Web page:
We heard that the war was coming. We heard we were the victims & we were the perpetrators & we were the problem & we were the future. We heard a television man was coming with his camera & his vest & his eyes squinting against a hatless skyglare. We heard the newspaper man was coming with his funny script & how he called my sister little lady & how he called me little lady & my sister was married with two kids & I wasn’t yet grown into my knees. I wasn’t yet grown.

We heard the government cared & we heard the government had money for us & we heard we were bad with money & needed more education. But the government didn’t have money for education to give out like candy at the 4th of July parade. We heard a change was coming. We heard we didn’t work hard & we heard we were the backbone of America & we heard my daddy was a man among men & we heard my great-grandfather was a WWII vet & we heard my cousin stole all my great-grandfather’s money for heroin & we heard the preacher at his funeral call him a good man as he lay there in front of us all in his American flag-ed casket & we heard my grandmother ask who gets what the night we finally knew, standing ten feet from where his body rested for three days before anyone found him. We heard my great-grandfather laughing & hacking into the handkerchief he tucked into his shirt pocket & we heard it even in our dreams & we heard his truck coming up the gravel drive for years afterward & we heard him say tomatahs in our own tongue. We heard my cousin sobbing so hard he threw up at the funeral, clean two years, & we heard my great-grandfather forgave him because he had seen the whites in the eyes of evil & knew that not everyone can look away.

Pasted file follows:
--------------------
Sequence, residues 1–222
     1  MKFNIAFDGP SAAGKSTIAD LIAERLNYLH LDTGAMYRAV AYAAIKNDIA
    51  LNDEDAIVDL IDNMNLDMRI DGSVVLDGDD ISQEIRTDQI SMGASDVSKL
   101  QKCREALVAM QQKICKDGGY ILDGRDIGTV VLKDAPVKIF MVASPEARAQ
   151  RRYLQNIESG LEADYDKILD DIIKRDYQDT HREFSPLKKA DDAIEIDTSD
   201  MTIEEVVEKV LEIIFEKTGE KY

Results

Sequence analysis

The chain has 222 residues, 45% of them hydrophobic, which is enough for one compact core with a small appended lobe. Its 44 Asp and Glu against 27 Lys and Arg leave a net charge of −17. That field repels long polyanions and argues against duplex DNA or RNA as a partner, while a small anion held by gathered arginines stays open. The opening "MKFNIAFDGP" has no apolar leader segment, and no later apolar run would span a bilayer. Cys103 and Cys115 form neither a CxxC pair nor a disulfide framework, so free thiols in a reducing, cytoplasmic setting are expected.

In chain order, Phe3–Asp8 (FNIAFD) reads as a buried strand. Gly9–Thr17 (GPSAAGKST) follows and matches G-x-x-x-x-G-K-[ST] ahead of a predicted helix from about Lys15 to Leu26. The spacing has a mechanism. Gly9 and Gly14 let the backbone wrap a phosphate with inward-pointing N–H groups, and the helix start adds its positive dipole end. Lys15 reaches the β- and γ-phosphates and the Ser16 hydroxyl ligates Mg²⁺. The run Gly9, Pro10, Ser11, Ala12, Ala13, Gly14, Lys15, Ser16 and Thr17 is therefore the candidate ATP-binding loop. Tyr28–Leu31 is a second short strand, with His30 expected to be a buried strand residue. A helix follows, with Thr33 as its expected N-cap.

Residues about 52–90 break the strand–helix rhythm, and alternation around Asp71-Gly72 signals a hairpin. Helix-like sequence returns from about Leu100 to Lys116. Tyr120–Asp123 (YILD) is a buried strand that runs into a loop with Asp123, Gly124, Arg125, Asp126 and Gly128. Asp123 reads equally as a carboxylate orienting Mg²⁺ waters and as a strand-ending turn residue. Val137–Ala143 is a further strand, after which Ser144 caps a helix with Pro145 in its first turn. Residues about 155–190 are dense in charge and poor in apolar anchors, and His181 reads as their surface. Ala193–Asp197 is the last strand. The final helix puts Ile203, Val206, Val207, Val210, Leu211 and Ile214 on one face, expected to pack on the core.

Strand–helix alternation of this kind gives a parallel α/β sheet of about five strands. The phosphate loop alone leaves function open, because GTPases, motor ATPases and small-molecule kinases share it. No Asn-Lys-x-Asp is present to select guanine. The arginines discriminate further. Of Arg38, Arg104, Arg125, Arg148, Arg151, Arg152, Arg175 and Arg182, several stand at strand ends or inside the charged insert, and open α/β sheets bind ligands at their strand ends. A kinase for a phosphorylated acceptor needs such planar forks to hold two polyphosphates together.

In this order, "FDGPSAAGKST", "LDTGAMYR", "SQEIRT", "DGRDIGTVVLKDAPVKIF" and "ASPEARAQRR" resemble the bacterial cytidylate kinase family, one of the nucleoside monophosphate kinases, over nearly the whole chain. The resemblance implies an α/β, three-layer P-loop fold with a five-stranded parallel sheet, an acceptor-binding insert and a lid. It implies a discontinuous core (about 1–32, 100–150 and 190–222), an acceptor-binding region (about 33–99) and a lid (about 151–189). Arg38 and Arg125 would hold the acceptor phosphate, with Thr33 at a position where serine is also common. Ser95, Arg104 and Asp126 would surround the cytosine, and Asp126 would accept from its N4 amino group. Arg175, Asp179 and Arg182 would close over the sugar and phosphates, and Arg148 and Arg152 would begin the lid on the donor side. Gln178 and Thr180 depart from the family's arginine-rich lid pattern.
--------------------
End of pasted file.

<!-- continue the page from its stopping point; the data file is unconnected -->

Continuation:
We heard we were angry & disenfranchised & lazy & wanted handouts & wanted those backbreak jobs to come back. But my daddy wanted me to go to college. We heard that we wanted to make with our hands but our hands are arthritic & gnarled, like our knees, like our spines, like one hunched shoulder accusing the sky. My great-grandmother lost inches off her life.

We wondered if the war would save us & we wondered if the world would end us. We heard we were upset & we were upset. We wanted more for our children & we wanted more for ourselves & we wanted to die in peace at home & we wanted to die more days than we didn’t & we wanted to fly too close to the sun but we had never flown. We wondered if they were coming to save us.

But nobody came down the mountain. We kept our ear to the ground but the cameraman & the newspaper man & the government had turned wide lenses elsewhere. We watched the sun go down from our front porch. The sun rests just on the ridgeline, you can watch it if you want, you can watch the day slip away from you bit by bit.


Emily Blair is a queer Appalachian poet and blue-collar scholar currently living and teaching community college in Charlotte, North Carolina. Her first chapbook of poetry, We Are Birds, is available from Dancing Girl Press. Other recently published works and contact information can be found at her website, emilyblairpoet.com. | Twitter


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